Poet, Playwright, and So Much More
August Wilson is a man who, outside of the theatrical world, is not very well known. Yet there are those, like Paul Carter Harrison, who would rank him in "the same 'artistic continuum' as Langston Hughes, Toni Morrison, and Thelonius Monk."1 When I began research on August Wilson I asked myself, so what? So what if he's won awards and recognition? What has he done to merit them? What makes this man important enough to do a research paper on? Why not Langston Hughes or Martin Luther King, Jr.? What makes this man matter in this society? As I continued my research I realized that, throughout my entire life, I had been deprived of knowing about such a man as August Wilson. I realized he stands for what Martin Luther King, Jr. stands for. He writes in the ways of Imamu Amiri Baraka, Langston Hughes, and Ralph Ellison. Through what Wilson has accomplished, and continues to strive towards, the black community will benefit a million-fold should they heed his words.
Being the 1st African-American playwright to be produced in mainstream American theatre, and in 10 years having 6 of his plays become major Broadway productions, August Wilson is a serious literary force. He has had two Pulitzer Prizes for Drama accredited to his name, which is significant in itself, as he is "the 6th playwright to have achieved this honor twice and the 3rd black playwright to have ever received it. He has won every major award for theatre and drama in the country at least once and is one of the most honored playwrights in America."2 His list of awards contains tittles such as: the McKnight, Bush, Rockefeller and Guggenheim Fellowships, the Drama Desk Awards, and the Chicago Tribune's Artist of the Year. He has received several New York Circle Awards, the Edward Albee Last Frontier Playwright Award, the Whiting Foundation Award, and the Jerome Fellowship. His play Fences was the first play in 30 years to win all of the major awards. In 1984, Wilson was invited to join the New Dramatists, which, founded in 1949, is the largest non-profit workshop for playwrights. In 1988 he was added to the list of Literary Lions by the New York Public Library.Y In 1987, "Mayor George Latimer of St. Paul, Minnesota proclaimed May 27th August Wilson Day" and he is often referred to as the "Bard of St. Paul."3 After all this recognition and acclaim August Wilson is still an unknown to countless millions. I myself, being a Theatre major, was not even aware of his monstrous achievements until I took a play analysis class as part of my major's requirement.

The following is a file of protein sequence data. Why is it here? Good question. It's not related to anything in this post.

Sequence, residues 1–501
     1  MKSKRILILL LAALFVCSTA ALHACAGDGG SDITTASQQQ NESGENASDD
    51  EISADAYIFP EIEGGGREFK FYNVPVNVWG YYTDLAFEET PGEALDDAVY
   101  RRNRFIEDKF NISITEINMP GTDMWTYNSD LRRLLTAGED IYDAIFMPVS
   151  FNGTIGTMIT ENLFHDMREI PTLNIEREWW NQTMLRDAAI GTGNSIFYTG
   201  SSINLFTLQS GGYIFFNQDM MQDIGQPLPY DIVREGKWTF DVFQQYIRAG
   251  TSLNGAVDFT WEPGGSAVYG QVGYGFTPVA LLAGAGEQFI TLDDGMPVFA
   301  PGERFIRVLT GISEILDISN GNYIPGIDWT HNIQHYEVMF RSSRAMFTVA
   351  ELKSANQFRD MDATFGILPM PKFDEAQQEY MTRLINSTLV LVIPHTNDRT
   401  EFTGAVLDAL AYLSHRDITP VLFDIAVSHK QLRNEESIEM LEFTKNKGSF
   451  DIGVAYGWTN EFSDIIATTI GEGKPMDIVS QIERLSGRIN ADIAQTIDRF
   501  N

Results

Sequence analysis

He was born Frederick August Kittel, Jr. on April 27, 1945, the 4th of 6 to Frederick August Kittel, Sr., a white German baker, and Daisy Wilson, and an African-American cleaning woman. His was an archetypal black childhood and adolescence and it seemed doubtful of producing such a highly acclaimed poet and playwright. His father left when Wilson was very young, leaving Daisy, Wilson and his 5 other siblings on their own. Wilson grew up in 'the Hill,' an integrated section in Pittsburgh of primarily African-Americans. They lived at 1727 Bedford Ave above Bella's Grocery Store in a 2-room apartment with no hot water and few comforts except a radio. His mother remarried but the relationship between Wilson and his stepfather David Bedford was a conflicted one. Regardless, Bedford relocated the family to a white suburb where Wilson encountered increasing racism. In 1959 he was enrolled in Pittsburgh's prestigious Central Catholic High School. Unfortunately, he had to change schools because of increasing discrimination from other students. He was the only black in a student body of 1,500 and the principal would often send him home in a cab because of groups of up to 40 boys were often waiting to catch him on his way home to beat him up. This, however, didn't help him when he was walking to school in the morning. In 1960, at the age of 15 he dropped out of...
Please join StudyMode to read the full document